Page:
The Mantle of Command: FDR at War, 1941-1942; by Nigel Hamilton

In his new biography of Franklin Delano Roosevelt, Nigel Hamilton shows how the supreme commander of the Allies overcame adversity from his counterparts, mainly British prime minister Winston Churchill, and from within his own ranks.

Franklin Delano Roosevelt, the 32nd president of the United States, was a born leader. Although he didn’t want the US to enter the Second World War, he knew his country would have to get involved sooner or later.

The Mantle of Command is a fascinating book that takes us into the corridors of power in London and Washington during a pivotal period of the global conflict: August 1941 to November 1942. Seasoned biographer Nigel Hamilton sets the stage for this lesser-known period, highlighting the great leadership demonstrated by president Roosevelt. As supreme commander of the Allies, he overcame adversity from his counterparts, mainly British prime minister Winston Churchill, and from within his own ranks.

Drawing on archival research and diaries of the era’s political leaders and high-ranking US and British military officials, Hamilton meticulously recounts the stages leading up to the US’s involvement in the conflict.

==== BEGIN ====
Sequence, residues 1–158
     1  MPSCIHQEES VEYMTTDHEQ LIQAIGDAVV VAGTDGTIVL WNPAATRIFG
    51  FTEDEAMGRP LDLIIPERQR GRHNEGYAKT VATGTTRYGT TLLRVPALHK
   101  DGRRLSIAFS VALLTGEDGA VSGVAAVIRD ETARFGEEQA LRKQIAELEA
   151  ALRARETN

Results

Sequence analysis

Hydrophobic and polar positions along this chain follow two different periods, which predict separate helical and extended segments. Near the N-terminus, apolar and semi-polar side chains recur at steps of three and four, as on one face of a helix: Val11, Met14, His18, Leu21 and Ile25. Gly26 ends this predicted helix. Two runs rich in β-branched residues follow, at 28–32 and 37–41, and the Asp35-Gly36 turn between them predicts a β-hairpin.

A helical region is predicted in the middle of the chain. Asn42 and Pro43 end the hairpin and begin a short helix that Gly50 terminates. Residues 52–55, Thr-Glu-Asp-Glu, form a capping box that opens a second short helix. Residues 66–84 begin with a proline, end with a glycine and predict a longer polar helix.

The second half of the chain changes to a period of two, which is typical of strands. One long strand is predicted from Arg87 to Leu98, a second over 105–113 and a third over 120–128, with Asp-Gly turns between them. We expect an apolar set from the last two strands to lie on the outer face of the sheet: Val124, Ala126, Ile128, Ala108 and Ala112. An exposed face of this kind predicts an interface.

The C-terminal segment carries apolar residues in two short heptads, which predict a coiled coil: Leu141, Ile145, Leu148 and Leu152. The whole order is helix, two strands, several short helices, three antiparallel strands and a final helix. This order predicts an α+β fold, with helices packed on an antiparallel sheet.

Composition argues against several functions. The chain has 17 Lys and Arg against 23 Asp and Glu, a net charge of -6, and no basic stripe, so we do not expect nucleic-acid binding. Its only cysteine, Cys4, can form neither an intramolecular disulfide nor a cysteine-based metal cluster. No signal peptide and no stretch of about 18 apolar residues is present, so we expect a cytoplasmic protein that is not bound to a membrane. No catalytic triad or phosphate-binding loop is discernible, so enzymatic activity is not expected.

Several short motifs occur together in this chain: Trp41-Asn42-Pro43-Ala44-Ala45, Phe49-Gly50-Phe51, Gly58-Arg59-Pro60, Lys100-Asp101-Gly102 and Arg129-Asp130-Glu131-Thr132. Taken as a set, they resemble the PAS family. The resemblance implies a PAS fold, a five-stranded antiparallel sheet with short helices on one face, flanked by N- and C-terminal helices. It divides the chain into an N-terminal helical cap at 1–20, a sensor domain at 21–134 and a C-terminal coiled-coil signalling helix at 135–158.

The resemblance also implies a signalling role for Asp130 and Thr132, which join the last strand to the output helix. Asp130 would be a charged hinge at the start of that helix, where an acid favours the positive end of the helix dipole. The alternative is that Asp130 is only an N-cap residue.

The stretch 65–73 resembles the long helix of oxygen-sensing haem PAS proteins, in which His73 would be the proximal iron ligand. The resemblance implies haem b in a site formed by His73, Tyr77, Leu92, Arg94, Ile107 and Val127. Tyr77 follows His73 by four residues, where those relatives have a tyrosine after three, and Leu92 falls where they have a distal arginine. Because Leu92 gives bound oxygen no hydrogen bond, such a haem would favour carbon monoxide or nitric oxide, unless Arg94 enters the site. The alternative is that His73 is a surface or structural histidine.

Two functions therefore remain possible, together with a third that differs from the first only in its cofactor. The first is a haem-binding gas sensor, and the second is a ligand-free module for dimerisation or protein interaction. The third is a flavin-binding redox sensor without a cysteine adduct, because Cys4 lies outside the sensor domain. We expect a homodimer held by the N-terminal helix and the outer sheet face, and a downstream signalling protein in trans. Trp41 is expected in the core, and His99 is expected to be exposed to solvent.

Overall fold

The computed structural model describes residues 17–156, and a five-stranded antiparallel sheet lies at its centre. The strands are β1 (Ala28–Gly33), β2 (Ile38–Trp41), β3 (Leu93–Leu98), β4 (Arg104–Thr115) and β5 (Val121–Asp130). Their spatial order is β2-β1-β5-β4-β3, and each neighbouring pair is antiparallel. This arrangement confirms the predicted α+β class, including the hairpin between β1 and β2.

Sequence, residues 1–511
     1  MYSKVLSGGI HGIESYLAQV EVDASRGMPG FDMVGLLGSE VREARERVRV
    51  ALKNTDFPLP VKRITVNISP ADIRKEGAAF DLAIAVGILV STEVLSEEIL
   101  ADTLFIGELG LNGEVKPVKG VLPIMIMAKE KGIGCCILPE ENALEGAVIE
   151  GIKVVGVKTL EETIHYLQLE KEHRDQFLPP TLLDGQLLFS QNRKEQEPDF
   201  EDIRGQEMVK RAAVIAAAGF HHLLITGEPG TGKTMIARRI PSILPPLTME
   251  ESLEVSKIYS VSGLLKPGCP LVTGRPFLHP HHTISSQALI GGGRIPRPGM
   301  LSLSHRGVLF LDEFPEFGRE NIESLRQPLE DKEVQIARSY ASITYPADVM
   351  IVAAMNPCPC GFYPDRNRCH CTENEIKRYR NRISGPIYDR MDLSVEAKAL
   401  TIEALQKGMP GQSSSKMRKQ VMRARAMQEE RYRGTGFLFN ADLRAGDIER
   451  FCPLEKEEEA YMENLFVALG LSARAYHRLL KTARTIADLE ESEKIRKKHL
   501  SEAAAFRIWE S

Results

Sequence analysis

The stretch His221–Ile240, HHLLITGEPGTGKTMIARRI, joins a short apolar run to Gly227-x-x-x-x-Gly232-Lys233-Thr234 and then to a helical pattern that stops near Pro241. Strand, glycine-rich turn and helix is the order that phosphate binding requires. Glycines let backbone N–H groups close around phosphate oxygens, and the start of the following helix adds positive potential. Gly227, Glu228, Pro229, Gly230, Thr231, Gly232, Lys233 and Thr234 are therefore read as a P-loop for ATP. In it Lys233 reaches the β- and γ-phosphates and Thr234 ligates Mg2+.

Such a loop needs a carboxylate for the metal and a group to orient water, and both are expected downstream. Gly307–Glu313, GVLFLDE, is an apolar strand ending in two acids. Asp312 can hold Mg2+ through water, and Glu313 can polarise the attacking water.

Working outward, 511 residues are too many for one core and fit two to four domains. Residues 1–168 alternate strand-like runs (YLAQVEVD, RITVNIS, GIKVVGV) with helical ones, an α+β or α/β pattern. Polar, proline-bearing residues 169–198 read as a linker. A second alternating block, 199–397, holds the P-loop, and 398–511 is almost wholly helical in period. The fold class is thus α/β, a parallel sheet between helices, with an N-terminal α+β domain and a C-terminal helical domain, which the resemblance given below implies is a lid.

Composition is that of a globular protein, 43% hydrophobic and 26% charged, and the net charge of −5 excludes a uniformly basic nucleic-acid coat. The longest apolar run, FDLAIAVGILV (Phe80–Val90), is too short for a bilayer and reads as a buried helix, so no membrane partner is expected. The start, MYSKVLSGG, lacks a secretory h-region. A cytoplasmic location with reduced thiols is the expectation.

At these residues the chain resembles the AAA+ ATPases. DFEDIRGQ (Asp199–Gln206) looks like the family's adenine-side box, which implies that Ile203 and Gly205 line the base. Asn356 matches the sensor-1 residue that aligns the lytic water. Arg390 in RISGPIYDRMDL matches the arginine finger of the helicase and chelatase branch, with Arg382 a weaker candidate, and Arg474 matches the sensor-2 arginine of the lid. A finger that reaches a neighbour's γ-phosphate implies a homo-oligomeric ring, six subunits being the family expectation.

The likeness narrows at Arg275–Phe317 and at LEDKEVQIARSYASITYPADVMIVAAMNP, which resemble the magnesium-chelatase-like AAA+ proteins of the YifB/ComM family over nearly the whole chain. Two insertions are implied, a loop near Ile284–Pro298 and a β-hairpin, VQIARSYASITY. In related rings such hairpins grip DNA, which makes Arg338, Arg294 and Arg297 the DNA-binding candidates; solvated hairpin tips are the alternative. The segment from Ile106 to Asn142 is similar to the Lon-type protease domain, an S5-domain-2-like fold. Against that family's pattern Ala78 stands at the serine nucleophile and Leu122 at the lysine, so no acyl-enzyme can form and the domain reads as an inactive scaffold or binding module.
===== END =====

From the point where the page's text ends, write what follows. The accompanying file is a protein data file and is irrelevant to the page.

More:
Besides being a strong leader, Roosevelt was a keen observer of human nature and a powerful orator (his famous radio fireside chats struck a chord with Americans). Unlike Churchill, Roosevelt was described as a very good listener who could discern key facts in order to strategize effectively, and he never interfered in the operations of his field commanders.

The president was also proactive. He began secretly corresponding with Churchill in 1939, and more than a year before Operation Torch, during which more than 100,000 Allied troops stormed the beaches of Morocco and Algeria, he asked his field commanders to identify the best places for troops to land in North Africa.

Endowed with a robust character, strengthened by his daily struggle against polio, Roosevelt was forced to change his isolationist strategy following the attack on Pearl Harbor, which delivered a mighty blow to the US. The tragedy was even more painful for the president, who had once served as assistant navy secretary.

Disappointed by Churchill’s conduct and the actions of British troops in conflict zones, Roosevelt decided to centralize Allied operations in Washington as early as December 1941, reducing Churchill’s role to that of junior partner.

The spring and summer of 1942 marked the inevitable collapse of British imperialism. Supported by an inner circle he could trust, and despite criticism from his field commanders, the president successfully moved forward with Operation Torch.

This year, Europe commemorates the 70th anniversary of the D-Day landings in Normandy. For history and political-science enthusiasts who want to better understand this event and its genesis, The Mantle of Command is a must-read.